Volume XI |

Invasive terrestrial plant species in the Romanian protected areas. Case study: Fallopia japonica in the Maramureş Mountains Natural Park

Abstract: Assessing invasive terrestrial plant species in protected areas is of major importance, taking into consideration the role they play as key drivers in conserving biological diversity. The paper is aiming to argue the Invasive Terrestrial Plant Species (ITPS) in the Romanian protected areas with a special focus on the species Fallopia japonica in the Maramures Mountains Natural Park. Fallopia japonica, also known as Polygonum cuspidatum or Reynoutria japonica is an herbaceous perennial plant, largely occupying the riparian ecosystems and causing serious damages to native vegetation. The species is broadly regarded as one of the most invasive plant species in Europe, also listed by the World Conservation Union as one of the world’s one hundred worst plant invaders. The paper seeks to analyze the potential spread of Fallopia japonica in a protected area-Maramures Mountains Natural Park – V IUCN category as well as Natura 2000 site (SPA and SCI) integrating comprehensive statistical and field data with modern computing methods (GIS-based). Consequently, based on accurate mapping and field investigation of Fallopia japonica in the study-area, the authors were able to identify specie’s main ecological requirements and preferences, spreading conditions etc. The current research will have great contribution to undertaking further studies on invasive terrestrial plant species development, distribution potential and impact upon native habitats.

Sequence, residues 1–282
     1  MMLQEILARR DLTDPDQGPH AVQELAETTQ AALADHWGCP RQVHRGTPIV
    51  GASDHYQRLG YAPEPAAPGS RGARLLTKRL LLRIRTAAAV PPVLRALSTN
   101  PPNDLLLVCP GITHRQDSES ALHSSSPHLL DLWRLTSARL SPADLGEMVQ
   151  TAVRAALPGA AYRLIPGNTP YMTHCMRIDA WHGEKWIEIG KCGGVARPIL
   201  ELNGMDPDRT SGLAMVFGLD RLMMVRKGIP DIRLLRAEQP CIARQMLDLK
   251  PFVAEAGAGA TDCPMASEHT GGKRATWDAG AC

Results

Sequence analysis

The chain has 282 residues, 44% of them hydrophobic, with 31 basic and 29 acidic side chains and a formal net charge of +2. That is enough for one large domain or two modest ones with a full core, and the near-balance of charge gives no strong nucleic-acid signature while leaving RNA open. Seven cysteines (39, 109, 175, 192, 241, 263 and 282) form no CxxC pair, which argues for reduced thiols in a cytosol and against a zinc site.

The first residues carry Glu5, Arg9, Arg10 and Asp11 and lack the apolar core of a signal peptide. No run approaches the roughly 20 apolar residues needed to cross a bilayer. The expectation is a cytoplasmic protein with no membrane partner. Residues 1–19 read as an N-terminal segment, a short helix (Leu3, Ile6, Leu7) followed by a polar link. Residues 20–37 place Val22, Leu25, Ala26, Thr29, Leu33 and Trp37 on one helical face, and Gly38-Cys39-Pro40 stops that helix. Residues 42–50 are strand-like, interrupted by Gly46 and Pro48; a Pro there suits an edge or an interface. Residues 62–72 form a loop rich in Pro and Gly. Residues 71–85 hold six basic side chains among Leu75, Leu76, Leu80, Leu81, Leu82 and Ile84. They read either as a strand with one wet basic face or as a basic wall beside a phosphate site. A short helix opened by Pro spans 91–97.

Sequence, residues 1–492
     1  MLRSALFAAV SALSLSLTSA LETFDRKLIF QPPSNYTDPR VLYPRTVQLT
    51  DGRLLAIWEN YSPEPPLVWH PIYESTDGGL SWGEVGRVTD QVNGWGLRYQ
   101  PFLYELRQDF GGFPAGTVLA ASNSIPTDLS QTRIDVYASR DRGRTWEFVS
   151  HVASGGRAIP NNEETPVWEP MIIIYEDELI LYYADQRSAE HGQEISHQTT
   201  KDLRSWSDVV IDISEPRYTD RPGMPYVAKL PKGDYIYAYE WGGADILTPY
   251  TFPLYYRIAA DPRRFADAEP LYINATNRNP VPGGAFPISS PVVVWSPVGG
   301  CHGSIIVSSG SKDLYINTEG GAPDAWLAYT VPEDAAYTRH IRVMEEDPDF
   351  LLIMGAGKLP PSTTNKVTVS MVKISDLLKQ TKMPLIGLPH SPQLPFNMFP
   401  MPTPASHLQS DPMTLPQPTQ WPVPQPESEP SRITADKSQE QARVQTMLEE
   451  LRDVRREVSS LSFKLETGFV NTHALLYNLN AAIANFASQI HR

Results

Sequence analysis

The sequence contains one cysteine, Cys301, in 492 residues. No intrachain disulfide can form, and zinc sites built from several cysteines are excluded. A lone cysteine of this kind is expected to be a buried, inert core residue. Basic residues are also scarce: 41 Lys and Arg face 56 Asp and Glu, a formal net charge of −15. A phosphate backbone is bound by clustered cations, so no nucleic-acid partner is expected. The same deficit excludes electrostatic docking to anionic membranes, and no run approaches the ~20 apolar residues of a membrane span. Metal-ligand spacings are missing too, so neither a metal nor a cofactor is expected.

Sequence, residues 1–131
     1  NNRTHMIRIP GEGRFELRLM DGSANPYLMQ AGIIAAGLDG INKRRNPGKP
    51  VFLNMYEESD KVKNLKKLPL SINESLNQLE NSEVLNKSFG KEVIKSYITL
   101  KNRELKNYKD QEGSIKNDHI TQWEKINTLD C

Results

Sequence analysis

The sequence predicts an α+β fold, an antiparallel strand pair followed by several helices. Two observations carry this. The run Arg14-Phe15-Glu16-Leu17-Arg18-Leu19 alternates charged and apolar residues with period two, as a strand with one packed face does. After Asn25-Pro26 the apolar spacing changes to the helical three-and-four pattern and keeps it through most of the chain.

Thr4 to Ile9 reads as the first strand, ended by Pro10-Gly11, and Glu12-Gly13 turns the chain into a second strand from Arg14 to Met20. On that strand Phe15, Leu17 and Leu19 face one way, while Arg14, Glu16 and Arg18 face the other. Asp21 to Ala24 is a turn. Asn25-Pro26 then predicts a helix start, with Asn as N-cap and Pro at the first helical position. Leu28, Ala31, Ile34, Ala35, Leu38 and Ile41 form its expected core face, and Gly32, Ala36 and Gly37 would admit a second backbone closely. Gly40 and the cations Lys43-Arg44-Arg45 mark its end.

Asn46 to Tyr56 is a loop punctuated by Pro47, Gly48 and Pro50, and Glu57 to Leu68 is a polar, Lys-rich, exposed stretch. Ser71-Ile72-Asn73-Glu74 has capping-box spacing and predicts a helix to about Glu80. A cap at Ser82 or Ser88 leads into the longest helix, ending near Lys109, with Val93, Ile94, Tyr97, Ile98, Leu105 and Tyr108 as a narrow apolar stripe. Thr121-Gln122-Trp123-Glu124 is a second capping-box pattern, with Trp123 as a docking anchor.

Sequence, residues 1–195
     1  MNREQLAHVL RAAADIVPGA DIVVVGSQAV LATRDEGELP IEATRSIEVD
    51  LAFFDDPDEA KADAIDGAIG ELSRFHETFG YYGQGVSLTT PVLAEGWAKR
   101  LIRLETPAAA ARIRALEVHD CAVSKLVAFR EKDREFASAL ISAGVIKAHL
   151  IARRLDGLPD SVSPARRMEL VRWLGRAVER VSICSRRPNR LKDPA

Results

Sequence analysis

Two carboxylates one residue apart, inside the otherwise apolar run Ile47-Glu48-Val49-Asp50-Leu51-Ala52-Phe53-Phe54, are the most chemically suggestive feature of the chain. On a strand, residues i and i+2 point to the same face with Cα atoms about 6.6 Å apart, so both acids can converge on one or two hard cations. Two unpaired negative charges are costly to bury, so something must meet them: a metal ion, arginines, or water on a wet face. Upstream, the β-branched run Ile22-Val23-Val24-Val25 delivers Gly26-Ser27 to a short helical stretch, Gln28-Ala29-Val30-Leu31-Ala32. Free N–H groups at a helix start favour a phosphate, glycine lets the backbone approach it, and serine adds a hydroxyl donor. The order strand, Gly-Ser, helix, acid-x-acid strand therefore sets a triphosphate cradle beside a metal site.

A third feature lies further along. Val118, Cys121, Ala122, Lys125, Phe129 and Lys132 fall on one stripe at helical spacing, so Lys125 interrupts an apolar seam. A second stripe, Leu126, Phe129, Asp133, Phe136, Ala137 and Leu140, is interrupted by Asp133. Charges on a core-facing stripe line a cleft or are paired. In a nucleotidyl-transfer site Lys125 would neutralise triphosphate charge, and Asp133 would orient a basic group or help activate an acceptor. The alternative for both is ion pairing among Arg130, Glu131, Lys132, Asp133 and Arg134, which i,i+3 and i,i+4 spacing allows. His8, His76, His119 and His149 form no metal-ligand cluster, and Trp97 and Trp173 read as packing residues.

Volume X |

The Climatic Water Deficit in South Oltenia Using the Thornthwaite Method

Abstract: Understanding the dryness and drought phenomena is fundamental in explaining the landscape features and the rational use of water resources in a region. The authors aim to assess the climatic water deficit (WD) in one of the most sensitive regions in Romania in terms of aridity: Southern Oltenia. Defining and characterizing the intense aridity was done based on the Thornthwaite method under a multi-annual regime (1961-2007) and during the growing season (April-October) in order to reveal the climate suitability for human activity and the optimum conditions for the main crops. In southern Oltenia the Thornthwaite aridity index values (Iar-TH) (%) defines an arid area, increasing from north to south and south-west from 40-45% to 50%. The highest values displaying a pronounced aridity (Iar-TH ≥ 50%) cover a significant part of the Blahniţa Plain, Desnăţui Plain, Southern Romanaţi Plain (Dăbuleni Field), the Jiu Valley and the entire Danube Plain (about 65% of the entire surface).